Insight into Energy

October 2, 2012
Eric Shepcaro

Articles have recently appeared addressing electricity use in enterprise IT data centres and large cloud operators. I'd like to provide some insights regarding what a colocation, interconnection, and cloud enablement provider like Telx, the company I lead, is doing. We provide the raw infrastructure and critical connectivity required for other firms to do business. Something like the virtual world equivalent of an airport in the physical world, we not only provide space and power for a variety of companies to run their IT operations, but also for carriers (communications, rather than airlines) to hand off traffic to each other.

Data centre operators are very much concerned with efficient power infrastructure, both as a matter of economics and corporate responsibility. At Telx, we operate a distributed footprint of highly connected data centres across the U.S., from the East Coast to the West Coast, and from North to South. As we bring new state of the art data centres on line and recondition older facilities, several points are worth highlighting.

We're increasing our consumption of "green" power where available, collaborating with a variety of public and private sector entities to help drive increased usage of renewable energy. We believe that this in turn will create a virtuous cycle, driving increased availability of green energy.

We exploit a variety of the latest technologies in the pursuit of maximal energy efficiency, such as high efficiency uninterruptible power supply systems, "Energy Star" compliant transformers which are over 98% efficient, hot and cold aisle containment which maximise the efficiency of the cooling plant, and variable frequency drives on all fans, pumps, motors & chiller compressors, which minimise power consumption.

We control these elements via building management systems which enable us to automatically operate, hands free, specific equipment at low power consumption levels that are directly proportional to the IT load of the data centre. This absolutely minimises any wasted power.

Moreover, we use a "modular" approach to data centre turn-up, delivering blocks of power incrementally, thus minimizing the amount of "stranded power" in our systems, maximizing utilization and driving higher efficiencies throughout our infrastructure system. This is something like saving on electricity usage in your home by only adding on rooms as children are born.

Generators are rarely run. In our experience, they are run only 24 to 48 hours per year, for trialling and the rare utility outage. We believe that this provides the right balance of support for our clients' mission critical services with use of generator power.

Telx partners with innovative energy management customers such as Enernoc; to provide curtailment services for electric operator zones in New York, Chicago and Texas. As energy prices fluctuate with global supply concerns, a greater emphasis on demand-side energy management and the development of smart grid solutions is an important priority for us as we move forward. With the increased strain on our nation's energy grid, we have incorporated demand response programs in some of our critical facilities. The flexibility of demand response provides us with the ability to adapt to strains on the energy grid, save costs, and continue to serve our clients. In times of crisis, massive blackouts in cities shut down police departments, schools, hospitals and critical infrastructure. Demand response allows us to switch to generator power to alleviate the strain on the grid that can help reduce the severity and duration of blackouts that affect us all.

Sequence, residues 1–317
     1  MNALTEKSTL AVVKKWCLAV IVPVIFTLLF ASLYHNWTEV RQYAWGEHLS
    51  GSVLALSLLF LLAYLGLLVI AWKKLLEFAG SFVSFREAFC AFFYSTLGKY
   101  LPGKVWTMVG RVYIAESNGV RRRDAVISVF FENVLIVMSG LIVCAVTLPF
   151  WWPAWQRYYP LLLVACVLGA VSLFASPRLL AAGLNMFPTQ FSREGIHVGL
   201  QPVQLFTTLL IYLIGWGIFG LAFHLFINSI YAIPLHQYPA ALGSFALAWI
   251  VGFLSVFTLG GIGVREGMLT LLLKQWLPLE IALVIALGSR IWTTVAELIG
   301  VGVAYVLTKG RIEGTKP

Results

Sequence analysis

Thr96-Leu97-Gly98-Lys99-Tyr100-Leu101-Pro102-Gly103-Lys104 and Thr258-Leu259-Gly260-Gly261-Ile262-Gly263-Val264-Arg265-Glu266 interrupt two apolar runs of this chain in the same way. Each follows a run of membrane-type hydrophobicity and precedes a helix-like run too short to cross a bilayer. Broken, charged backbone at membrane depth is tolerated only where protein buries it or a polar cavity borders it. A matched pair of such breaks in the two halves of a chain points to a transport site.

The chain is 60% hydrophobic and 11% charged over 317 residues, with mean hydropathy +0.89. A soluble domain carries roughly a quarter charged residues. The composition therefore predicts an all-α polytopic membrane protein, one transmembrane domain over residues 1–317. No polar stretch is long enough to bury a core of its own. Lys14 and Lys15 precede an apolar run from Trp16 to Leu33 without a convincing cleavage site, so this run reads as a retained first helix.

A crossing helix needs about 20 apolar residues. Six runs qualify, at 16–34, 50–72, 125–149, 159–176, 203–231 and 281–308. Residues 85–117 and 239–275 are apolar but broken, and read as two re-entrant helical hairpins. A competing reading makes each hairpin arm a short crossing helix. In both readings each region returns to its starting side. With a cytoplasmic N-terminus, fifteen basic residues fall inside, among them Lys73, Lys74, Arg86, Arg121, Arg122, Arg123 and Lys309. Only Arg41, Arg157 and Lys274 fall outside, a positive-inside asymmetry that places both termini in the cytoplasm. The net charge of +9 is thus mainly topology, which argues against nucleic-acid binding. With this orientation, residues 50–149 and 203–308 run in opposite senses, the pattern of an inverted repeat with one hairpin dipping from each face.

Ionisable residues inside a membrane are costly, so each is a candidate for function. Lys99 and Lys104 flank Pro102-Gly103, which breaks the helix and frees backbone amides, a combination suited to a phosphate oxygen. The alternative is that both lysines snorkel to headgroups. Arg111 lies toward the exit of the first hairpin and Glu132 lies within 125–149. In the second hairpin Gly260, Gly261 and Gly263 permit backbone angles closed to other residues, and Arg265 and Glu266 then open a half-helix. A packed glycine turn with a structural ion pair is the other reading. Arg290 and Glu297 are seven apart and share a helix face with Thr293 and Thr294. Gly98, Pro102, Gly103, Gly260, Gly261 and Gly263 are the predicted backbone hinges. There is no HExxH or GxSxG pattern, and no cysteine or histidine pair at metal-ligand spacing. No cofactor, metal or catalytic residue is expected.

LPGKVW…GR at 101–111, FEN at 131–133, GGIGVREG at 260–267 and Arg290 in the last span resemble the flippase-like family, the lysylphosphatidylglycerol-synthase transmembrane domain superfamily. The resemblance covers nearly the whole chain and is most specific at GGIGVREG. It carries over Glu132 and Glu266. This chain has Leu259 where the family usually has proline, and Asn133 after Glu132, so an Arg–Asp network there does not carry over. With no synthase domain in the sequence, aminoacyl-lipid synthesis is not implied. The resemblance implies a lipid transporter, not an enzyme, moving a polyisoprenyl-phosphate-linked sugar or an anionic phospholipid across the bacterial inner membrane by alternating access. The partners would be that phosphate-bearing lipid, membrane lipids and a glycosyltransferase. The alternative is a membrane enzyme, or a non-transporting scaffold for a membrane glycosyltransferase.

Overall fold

Clients choose Telx based on a variety of factors, including our preeminent locations, but also based on cost, of which a major component is power. It is therefore in the best interest of Telx and our clients for us to be able to compete effectively on this dimension. As a result, efficiency features are absolute table stakes when selecting mission critical equipment that goes into our data centres. Moreover, we work closely and collaboratively with customers on their implementations in our facilities.

In addition to the technology and design factors, the human dimension is perhaps equally important. Our engineering, construction, and operations teams are directly incented based on power efficiency. We have developed best practices and core expertise in managing processes in this area.

The world is transitioning to a digital economy, from atoms to bits. This digital economy, broadly ranging from social networks, games, and entertainment to life-saving advances in healthcare and drug discovery, creates jobs and opportunities for all. Some argue that data centres per se don't require many people to run them. This misses the point. A company like Google may only have a few dozen employees in each data centre, but employs over 50,000. None of those jobs would exist without the data centres that provide those digital services. Similarly, our business is creating quality jobs across our footprint, in engineering, sales and support, and operations.

At Telx, we believe we are playing a critical role as an enabler of the new economy, with complete alignment of rational economic self-interest, support for our clients’ diverse needs, corporate responsibility, and sustainability.

Eric Shepcaro is the CEO of the Telx Group.

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